- Quiet time: You don’t have to plan every minute to keep the kids entertained. Both grandkids and grandparents need some rest time. And many children enjoy time to themselves to play quietly, draw, paint or read. Some quiet time activities: get out the sleeping bags and have a quiet camp-out in the living room; put on some quiet music or read a bed-time story; pull out the crayon box and coloring books; ask the older children to play with the younger children for a while or have one grandparent watch the kids while the other one rests. If the grandkids are young enough, use naptime as a way to get some rest for both of you. These quiet periods will recharge the batteries for both young and old and set up the rest of the day for success!
- Field trips: What would summer be without exploring new places? Discover what’s in your own backyard and look for some fun places to explore with your grandchildren. You could go to a farm or petting zoo to see some animals. Or try an aquarium to learn about aquatic animals. Look for a children’s museum or child-friendly exhibits at larger museums. Tailor the field trips to your grandchild’s interests. If he or she loves trains, find a model train store which often has entire scenes set up with scale model trains, towns, tunnels and people. If your grandchildren are old enough, you could take a longer trip to fun, summertime destinations, such as theme parks; waterparks; or national parks. Here’s some Tips for Taking Grandkids to Universal Studios. If you have more than one grandchild, try taking a special trip with one grandchild at a time. It gives that child special one-on-one time with you and creates unique memories for both of you to treasure forever. As each child turns a certain age, that child gets to have his or her special trip with grandma and grandpa.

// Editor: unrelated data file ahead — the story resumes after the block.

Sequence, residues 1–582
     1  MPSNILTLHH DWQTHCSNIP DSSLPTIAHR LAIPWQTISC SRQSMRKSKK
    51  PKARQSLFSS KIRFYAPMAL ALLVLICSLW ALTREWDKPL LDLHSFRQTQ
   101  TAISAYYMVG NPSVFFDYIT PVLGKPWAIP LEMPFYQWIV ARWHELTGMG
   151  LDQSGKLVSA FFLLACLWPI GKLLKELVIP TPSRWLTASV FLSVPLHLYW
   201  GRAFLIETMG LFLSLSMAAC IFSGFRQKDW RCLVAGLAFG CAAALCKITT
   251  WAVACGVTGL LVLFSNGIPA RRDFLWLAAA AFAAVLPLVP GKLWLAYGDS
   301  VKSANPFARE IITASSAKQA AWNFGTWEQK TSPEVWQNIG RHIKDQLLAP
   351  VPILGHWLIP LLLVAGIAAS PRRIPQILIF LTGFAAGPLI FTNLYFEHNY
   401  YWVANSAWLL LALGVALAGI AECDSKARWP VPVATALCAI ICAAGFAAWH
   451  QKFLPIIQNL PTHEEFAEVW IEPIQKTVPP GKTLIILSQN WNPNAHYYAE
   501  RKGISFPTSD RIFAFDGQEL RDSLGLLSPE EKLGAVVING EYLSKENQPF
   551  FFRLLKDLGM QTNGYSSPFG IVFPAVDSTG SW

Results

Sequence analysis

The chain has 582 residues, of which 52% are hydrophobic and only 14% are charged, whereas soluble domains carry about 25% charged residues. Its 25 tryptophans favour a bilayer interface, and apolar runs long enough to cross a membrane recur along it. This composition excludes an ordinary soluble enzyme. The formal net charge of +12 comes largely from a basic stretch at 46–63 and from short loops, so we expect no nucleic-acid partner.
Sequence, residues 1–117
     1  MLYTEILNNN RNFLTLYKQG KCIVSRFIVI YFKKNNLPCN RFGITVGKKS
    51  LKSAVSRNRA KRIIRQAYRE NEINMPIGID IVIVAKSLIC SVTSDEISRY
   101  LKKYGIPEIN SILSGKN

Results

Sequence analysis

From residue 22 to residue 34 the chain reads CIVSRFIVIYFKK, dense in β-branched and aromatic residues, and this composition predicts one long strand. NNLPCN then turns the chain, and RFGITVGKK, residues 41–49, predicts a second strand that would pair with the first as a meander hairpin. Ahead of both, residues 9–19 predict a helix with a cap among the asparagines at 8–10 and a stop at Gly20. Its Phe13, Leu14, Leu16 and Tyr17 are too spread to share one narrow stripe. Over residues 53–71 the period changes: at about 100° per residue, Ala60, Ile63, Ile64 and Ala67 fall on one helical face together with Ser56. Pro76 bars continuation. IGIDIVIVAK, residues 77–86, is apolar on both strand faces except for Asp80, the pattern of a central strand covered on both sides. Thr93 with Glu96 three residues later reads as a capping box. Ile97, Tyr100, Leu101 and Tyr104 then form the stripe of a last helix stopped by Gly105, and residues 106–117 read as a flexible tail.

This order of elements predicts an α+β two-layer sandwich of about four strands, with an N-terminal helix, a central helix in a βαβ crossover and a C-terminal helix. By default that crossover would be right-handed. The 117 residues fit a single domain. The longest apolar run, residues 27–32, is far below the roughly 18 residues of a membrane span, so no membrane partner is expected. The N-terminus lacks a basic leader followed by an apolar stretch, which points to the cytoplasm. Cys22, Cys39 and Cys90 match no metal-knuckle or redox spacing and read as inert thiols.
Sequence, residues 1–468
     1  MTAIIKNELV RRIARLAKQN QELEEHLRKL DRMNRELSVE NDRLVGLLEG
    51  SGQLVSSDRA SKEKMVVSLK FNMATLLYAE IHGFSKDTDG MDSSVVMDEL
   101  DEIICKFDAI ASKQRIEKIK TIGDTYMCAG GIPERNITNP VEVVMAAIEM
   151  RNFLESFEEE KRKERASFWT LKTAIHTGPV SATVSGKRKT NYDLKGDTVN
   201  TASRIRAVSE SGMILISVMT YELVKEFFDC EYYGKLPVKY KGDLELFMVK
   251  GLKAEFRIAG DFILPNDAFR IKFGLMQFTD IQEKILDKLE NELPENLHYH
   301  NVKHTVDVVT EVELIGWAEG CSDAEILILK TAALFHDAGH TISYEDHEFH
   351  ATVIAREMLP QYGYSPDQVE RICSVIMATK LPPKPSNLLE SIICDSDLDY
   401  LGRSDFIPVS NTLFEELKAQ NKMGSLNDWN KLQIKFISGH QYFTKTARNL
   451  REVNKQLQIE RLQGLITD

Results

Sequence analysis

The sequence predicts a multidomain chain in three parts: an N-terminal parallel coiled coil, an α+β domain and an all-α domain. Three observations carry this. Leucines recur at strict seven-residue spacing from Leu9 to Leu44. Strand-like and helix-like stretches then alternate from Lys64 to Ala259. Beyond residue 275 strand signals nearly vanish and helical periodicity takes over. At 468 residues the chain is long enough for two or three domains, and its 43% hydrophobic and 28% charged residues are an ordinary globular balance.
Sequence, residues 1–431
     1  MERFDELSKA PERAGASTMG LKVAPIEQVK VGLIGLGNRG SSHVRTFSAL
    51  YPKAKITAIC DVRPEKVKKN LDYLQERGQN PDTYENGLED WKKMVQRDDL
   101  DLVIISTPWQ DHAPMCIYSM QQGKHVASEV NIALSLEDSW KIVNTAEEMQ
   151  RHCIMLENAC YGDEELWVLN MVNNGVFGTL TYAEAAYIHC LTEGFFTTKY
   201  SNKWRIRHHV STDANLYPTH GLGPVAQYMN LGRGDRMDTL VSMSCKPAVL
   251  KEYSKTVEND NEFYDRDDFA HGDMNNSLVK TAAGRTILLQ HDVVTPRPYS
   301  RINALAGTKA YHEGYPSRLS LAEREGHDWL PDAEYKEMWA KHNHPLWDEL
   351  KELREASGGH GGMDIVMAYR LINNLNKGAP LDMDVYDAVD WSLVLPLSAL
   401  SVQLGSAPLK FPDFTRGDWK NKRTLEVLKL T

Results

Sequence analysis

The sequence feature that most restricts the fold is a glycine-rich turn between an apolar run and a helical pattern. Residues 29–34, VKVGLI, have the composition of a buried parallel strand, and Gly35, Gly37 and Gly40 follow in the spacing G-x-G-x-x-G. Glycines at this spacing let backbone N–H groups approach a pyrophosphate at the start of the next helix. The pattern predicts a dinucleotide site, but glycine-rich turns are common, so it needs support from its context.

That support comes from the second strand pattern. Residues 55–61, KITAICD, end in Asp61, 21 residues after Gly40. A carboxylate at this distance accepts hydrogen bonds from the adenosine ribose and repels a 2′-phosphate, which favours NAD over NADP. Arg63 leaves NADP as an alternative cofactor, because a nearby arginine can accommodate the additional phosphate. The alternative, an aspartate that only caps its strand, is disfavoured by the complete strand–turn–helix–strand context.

Still stuck for ideas? Check out these lists for hundreds of things to do with your grandkids this summer: